Alongside acupuncture treatments, traditional Chinese nutrition advice can be an extremely powerful tool. Like the Chinese, however, Mark tries to avoid the word diet. This has negative connotations and seems to suggest restrictions. This is the opposite of what a practitioners of traditional Chinese medicine will want for their patients when they recommend Chinese dietary therapy. Essentially, along with breathing, eating is our main source of replenishment and nutrition, providing us with the energy we need to live our lives. Being such an important aspect of our lives, it is important that we enjoy it and feel comfortable with it. As one writer put it, animals feed but humans eat.
Given these important considerations, guiding patients towards certain foods and away from others can greatly improve their health and well-being. As with all aspects of this medical system, Chinese dietary therapy is unique to each patient, so what is extremely beneficial for one person might be the opposite to another.>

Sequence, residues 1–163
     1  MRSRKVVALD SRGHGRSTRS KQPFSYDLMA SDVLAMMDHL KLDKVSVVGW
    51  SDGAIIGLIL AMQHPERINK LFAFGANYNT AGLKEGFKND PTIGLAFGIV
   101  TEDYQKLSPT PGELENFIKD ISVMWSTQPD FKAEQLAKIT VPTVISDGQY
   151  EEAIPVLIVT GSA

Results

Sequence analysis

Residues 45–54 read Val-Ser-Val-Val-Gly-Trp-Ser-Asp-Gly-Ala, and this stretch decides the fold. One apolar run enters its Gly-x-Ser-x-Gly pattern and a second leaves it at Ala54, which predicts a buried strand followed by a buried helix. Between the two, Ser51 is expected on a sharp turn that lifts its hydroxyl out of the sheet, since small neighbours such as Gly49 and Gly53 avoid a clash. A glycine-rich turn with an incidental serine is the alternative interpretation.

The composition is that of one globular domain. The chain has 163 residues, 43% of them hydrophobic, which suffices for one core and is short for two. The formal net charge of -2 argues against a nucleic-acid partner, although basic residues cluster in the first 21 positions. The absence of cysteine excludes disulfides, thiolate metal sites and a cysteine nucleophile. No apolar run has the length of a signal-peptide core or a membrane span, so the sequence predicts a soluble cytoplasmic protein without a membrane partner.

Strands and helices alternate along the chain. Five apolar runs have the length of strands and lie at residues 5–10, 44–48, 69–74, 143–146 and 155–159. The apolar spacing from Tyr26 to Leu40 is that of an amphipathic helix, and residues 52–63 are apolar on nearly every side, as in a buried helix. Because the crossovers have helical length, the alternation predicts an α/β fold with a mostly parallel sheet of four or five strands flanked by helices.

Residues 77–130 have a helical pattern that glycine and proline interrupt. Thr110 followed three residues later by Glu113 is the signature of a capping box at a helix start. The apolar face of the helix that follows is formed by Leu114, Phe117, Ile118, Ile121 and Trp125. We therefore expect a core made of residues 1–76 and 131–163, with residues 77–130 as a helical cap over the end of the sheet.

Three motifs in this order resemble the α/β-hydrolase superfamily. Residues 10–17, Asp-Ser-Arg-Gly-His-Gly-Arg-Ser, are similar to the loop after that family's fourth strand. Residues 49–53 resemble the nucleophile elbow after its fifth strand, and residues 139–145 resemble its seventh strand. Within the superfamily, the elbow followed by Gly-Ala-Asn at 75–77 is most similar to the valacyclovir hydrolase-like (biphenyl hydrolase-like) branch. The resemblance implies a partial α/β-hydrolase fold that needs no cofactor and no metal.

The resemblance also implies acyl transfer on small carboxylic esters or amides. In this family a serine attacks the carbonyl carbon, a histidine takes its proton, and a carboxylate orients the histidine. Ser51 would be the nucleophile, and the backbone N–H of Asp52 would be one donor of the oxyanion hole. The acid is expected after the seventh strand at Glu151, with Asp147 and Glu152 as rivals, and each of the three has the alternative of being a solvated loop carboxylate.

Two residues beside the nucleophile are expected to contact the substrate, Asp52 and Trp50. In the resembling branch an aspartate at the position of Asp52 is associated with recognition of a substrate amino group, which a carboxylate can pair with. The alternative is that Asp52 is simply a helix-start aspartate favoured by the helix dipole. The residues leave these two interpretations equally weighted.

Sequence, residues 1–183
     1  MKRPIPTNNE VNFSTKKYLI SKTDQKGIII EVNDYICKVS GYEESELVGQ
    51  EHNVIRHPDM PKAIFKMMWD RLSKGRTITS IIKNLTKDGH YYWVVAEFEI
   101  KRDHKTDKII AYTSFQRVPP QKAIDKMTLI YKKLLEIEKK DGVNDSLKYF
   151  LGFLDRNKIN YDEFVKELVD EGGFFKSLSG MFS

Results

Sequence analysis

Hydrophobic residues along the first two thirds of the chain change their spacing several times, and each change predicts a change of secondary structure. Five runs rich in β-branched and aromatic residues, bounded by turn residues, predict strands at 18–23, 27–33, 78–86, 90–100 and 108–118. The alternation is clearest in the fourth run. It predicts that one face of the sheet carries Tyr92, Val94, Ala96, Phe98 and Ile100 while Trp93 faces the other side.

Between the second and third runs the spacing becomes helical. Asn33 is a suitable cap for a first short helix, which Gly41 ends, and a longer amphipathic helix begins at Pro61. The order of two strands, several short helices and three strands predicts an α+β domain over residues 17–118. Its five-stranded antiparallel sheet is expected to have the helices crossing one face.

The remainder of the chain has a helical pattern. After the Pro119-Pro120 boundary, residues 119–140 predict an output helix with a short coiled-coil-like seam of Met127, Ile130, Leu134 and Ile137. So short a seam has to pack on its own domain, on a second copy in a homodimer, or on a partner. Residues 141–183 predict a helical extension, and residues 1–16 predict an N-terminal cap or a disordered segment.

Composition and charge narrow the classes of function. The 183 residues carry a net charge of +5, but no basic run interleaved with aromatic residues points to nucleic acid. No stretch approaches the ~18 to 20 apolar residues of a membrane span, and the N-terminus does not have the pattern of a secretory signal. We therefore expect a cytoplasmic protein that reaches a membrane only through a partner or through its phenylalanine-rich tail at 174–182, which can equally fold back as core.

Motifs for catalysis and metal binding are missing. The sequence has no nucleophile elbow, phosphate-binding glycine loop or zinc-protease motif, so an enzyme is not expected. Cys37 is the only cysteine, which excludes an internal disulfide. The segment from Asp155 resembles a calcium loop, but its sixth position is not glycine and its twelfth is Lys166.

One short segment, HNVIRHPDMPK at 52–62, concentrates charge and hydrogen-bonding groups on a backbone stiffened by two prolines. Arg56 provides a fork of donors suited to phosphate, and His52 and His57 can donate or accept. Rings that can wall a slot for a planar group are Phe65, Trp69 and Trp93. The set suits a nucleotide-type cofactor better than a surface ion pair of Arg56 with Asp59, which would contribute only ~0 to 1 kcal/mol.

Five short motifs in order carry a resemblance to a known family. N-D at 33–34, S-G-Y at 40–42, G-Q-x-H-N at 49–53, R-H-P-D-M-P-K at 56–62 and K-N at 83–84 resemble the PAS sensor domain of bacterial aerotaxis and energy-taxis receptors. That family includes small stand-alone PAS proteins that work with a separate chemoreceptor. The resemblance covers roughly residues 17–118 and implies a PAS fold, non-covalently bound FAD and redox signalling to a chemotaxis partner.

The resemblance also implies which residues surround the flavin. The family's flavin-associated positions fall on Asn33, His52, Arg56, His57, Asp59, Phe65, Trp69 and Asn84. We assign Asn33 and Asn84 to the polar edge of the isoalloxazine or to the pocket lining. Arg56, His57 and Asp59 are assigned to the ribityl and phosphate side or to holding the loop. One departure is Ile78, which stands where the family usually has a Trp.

In Chinese nutrition, foods are seen to have certain energetic properties, whether it be warming, cooling, nourishing, or expelling. Here are a couple of examples.
Beef is seen as warming and therefore eating it once or twice a week could be beneficial to a patient with abdominal or menstrual pain caused by stagnation of cold in the body. However, for another patient with too much heat, which may manifest as bad breath, bleeding gums, or headaches, beef consumption should be minimised.
Milk and most dairy products, in contrast, are seen as cooling. To somebody who finds stillness and relaxation difficult, they can be calming. However, for another patient who has chest or digestive problems and a tendency towards phlegm, they can make the system sluggish and increase the build-up of phlegm.
These are just two examples intended to illustrate the fascinating world traditional Chinese dietary therapy.